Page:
Houston Methodist. Leading Medicine

Hip FAQ

Question:

I've had osteoporosis for the past 10 years. I'm doing my exercises and taking my medications. I also need a hip replacement. Is it safe to try for it? I've heard brittle bones can break during that operation.

Answer:

Many people with osteoporosis have had total hip replacements. Often the hip breaks and it can't be repaired because of the osteoporosis. Doctors have special ways of handling such cases.

They use cement to hold the implant in place. They can choose implants that don't need the inside of the femur (thigh bone) to be drilled out. They are more likely to use an open method of surgery instead of the newer mini-incisions.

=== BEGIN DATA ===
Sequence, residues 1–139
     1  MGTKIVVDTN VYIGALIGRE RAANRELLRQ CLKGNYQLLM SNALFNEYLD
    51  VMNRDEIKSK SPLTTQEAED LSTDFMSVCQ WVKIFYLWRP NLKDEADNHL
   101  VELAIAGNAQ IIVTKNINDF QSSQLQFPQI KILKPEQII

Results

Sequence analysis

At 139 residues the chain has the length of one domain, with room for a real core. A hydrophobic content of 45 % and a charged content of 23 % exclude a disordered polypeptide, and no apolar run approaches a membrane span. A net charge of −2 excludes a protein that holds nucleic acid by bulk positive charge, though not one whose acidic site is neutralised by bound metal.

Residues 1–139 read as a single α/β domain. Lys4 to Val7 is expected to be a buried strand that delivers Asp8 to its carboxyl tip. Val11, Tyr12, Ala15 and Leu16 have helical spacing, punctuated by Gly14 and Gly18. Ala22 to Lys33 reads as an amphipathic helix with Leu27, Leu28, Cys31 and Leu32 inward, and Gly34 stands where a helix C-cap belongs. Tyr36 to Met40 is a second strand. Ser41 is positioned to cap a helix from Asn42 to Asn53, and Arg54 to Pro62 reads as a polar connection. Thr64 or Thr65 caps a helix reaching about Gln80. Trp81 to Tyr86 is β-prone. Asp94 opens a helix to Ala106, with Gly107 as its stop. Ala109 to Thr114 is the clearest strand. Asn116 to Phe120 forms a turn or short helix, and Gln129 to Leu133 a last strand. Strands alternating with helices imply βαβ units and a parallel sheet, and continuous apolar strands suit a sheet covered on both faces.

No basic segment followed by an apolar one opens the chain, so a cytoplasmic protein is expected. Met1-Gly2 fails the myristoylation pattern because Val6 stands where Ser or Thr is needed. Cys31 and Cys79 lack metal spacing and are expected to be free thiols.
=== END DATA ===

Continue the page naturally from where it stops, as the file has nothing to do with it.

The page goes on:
Ask your doctor for his or her opinion. A decision can be made based on your X-rays and bone mineral density studies. Your overall health is a factor and whether you smoke. Tobacco-use delays wound healing and increases your risk of a fracture. If everything checks out, you could be a good candidate for a hip replacement.

B. Sonny Bal, MD, MBA, et al. Early Complications of Primary Total Hip Replacement Performed with a Two-Incision Minimally Invasive Technique. In The Journal of Bone and Joint Surgery. November 2005. Vol. 87-A. No. 11. Pp. 2432-2438.

*Disclaimer:* The information contained herein is compiled from a variety of sources. It may not be complete or timely. It does not cover all diseases, physical conditions, ailments or treatments. The information should NOT be used in place of visit with your healthcare provider, nor should you disregard the advice of your health care provider because of any information you read in this topic.
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